Review Summary: An unforgettable, extravagant trip through the inner workings of a surreal world.
“A Dweller on Two Planets” and its sequel, “An Earth Dweller’s Return”, were released to bewildered readers in the early 20th century and soon gathered a rather niche cult following, mostly due to the surreal nature of both books and the bizarre instances surrounding their creation. Work started on the first book when a child genius’ hand was possessed by a dark power, forcing him to write continuously until the feeling slowly ebbed away (a convincing story, I know). These initial demonic scribblings soon evolved into a tale of futuristic technology, black magic, heroes and villains: all set, for the most part, in the mystical, aquatic city of Atlantis. On discovering these books, Pepe Deluxe took the only logical step in deciding that they were perfect material for a pop-opera concept album. The result is “Queen of the Wave”, the most ambitious and aggressively bizarre album we’re likely to see this decade. Confining itself to only the key points in the story, instead choosing to focus on indulging in the sheer madness of the source material, “Queen of the Wave” demonstrates Pepe Delux at their best: splicing an alarming multitude of genres while keeping a renowned sense of charm and narrative.
The result is a spectacle with all the glitz and the glamour of a high-end Broadway show. Like an expensive lap-dancer, “Queen of the Wave” is careful to keep you at arms distance while it seduces you, likewise it knows that it’s the lack of personal connection that fuels this illustrious factor of mystery. It presents itself as impenetrable; a never ending barrage of various sound, some of which have never been heard before. This isn’t a surprise, in retrospect, as in the 5 years proceeding their last album the two men behind Pepe Deluxe have certainly kept themselves busy. Visits to the famous Stalagpipe Organ, a 500,000 volt Tesla coil synthesiser and Edison’s ghost machine have not gone without their merits. The Stalacpipe Organ (the largest instrument in the world, think of a regular organ and then imagine that, in place of pipes, it uses stalactites), especially, shows its value in In The Cave, a vast, haunting piece that stands away from the bulk of the album by being so humble. Elsewhere, “Queen of the Wave” cannot be expected to show restraint. Echoing the style of its subject matter, it assaults the listener with colourful, neon splashes of pure self-indulgence. Rich beds of sublime wind instruments battle with jazz bands and blues guitar and keyboards and synthesisers and etc. and etc... no genre or style is left untouched as you’re swamped by the album’s never ending influences. The result is something very baroque, but at the same time eerily cheerful. The inclusion of two very talented vocalists, both of whom echo the finer moments of mid-20th century jazz, completes a package that is, in every respect, larger than life.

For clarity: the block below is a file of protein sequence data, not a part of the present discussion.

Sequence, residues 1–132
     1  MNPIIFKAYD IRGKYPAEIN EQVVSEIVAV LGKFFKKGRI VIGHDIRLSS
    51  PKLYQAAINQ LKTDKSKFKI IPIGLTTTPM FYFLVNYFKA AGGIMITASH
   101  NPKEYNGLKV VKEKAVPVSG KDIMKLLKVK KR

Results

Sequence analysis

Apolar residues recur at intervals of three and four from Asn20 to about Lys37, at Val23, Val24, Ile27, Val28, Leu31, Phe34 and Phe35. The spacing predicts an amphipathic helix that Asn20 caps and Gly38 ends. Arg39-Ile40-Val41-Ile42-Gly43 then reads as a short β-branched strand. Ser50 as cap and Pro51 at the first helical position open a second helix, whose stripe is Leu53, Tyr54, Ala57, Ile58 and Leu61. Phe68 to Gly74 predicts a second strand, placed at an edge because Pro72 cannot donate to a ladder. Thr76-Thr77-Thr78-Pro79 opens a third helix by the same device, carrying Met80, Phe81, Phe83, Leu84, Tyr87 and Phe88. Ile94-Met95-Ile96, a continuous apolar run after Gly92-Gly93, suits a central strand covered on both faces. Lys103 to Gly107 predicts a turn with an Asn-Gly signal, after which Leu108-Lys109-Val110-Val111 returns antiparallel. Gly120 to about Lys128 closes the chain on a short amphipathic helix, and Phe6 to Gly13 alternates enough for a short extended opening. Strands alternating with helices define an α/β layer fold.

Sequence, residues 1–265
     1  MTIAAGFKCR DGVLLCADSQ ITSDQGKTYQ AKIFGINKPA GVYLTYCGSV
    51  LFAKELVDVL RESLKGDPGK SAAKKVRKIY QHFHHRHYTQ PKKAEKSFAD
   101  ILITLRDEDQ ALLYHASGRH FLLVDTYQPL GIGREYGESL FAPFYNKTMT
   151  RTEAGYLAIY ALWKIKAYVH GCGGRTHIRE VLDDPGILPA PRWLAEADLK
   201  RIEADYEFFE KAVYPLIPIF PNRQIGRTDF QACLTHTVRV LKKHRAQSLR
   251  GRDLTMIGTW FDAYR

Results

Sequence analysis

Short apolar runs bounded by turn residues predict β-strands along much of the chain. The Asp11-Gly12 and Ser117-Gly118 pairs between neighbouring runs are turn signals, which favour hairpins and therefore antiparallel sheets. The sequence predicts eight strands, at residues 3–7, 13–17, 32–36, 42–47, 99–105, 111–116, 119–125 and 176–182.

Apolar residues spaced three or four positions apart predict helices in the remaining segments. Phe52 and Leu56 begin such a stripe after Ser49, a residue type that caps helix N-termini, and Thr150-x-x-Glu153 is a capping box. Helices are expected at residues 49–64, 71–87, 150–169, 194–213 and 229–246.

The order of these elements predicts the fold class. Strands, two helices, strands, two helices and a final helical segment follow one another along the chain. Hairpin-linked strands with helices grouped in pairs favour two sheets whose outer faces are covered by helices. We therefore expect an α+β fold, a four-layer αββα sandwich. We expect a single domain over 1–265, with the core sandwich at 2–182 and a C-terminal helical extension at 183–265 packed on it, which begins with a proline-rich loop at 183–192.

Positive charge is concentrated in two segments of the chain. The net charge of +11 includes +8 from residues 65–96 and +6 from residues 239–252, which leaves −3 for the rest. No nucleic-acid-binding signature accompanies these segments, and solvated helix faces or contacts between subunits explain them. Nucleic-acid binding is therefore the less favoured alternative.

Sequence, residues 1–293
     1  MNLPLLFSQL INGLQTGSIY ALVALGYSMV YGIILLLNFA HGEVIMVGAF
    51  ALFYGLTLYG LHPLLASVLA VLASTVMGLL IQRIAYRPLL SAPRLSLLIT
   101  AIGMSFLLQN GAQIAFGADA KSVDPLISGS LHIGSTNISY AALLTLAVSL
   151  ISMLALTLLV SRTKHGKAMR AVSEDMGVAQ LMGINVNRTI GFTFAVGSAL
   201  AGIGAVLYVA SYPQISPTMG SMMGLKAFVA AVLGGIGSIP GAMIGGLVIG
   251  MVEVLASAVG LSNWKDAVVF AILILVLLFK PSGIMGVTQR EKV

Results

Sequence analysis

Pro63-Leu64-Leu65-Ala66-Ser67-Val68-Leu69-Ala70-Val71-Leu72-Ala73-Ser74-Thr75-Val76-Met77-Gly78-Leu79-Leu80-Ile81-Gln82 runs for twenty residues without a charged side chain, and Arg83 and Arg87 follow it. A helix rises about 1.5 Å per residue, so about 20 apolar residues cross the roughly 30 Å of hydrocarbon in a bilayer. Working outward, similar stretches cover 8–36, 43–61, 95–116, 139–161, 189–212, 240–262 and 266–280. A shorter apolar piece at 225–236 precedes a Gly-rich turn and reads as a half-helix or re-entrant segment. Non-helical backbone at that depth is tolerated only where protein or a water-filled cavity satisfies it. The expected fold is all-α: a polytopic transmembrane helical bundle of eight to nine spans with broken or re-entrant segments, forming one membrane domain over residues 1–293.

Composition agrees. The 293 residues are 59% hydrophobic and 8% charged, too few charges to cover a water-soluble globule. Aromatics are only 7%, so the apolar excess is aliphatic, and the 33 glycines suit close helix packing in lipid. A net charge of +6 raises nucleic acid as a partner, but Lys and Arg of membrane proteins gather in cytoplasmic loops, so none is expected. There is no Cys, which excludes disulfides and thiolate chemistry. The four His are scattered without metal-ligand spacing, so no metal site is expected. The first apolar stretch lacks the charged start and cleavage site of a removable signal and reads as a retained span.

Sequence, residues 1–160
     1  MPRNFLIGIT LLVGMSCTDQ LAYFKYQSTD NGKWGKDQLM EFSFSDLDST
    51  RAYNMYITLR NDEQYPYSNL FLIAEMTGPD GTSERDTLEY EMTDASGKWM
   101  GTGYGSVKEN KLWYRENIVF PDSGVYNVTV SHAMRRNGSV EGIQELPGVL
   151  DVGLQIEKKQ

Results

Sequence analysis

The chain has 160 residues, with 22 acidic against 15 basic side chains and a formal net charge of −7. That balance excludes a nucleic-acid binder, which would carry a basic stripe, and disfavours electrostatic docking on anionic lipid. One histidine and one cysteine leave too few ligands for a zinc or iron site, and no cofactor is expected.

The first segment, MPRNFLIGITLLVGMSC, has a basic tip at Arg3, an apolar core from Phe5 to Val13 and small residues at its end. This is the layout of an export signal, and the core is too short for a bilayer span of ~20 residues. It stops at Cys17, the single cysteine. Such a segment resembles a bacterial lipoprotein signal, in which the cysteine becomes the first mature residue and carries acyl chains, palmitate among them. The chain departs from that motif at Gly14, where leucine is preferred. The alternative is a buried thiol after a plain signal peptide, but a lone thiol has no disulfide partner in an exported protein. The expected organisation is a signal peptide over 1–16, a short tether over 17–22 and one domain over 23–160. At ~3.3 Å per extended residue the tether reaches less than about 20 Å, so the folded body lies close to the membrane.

Nothing displays Pepe Deluxe’s predisposed attitude towards excess quite like The Storm, a piece sounding like it’s been ripped straight out of a 60’s thriller b-movie. Ominous choirs scream out cult-like chants, only to give way to rolling percussion, blaring brass and car-chase guitar solos. It’s incredibly dramatic and recklessly progressive as it barrels towards the sea-side carnival, farewell jaunt that is Riders on the First Ark. At the same time, it still manages to instill a certain sense of suspense in the style of an old spy movie when the song briefly breaks down to light percussion and plucked cellos. It’s a marvel that an album appearing to have so much fun can be as deep and nuanced as “Queen of the Wave”. Pepe Deluxe’s attitude that “more is more”, with their songs presenting layers and layers to be unravelled, would be destined for disaster if the album wasn’t so carefully constructed, and it’s a testament to their skill that the album doesn’t collapse under the weight of all their ambition. A criticism could possibly be made by declaring that the story of the books is almost smothered by the extravagance of the music surrounding it, but the story is there, if you look for it, and the slow realisation of the narrative makes the album all the more interesting when it finally - kind of - makes sense.
In the end “Queen of the Wave” is unlike anything that’s come in a long enough time for it to be significant. Where most artists seek to acquire an intimate subtlety with their work, Pepe Deluxe charge in the opposite direction with an unashamedly bonkers romp through retro beats and surreal landscapes. Completely impossible to relate to, but better for it, “Queen of the Wave” still manages to drip with charm. Rarely has an album been so lovingly produced, and so exciting to listen to. The duo have set out to impress and have only exceeded expectations in creating something truly unforgettable.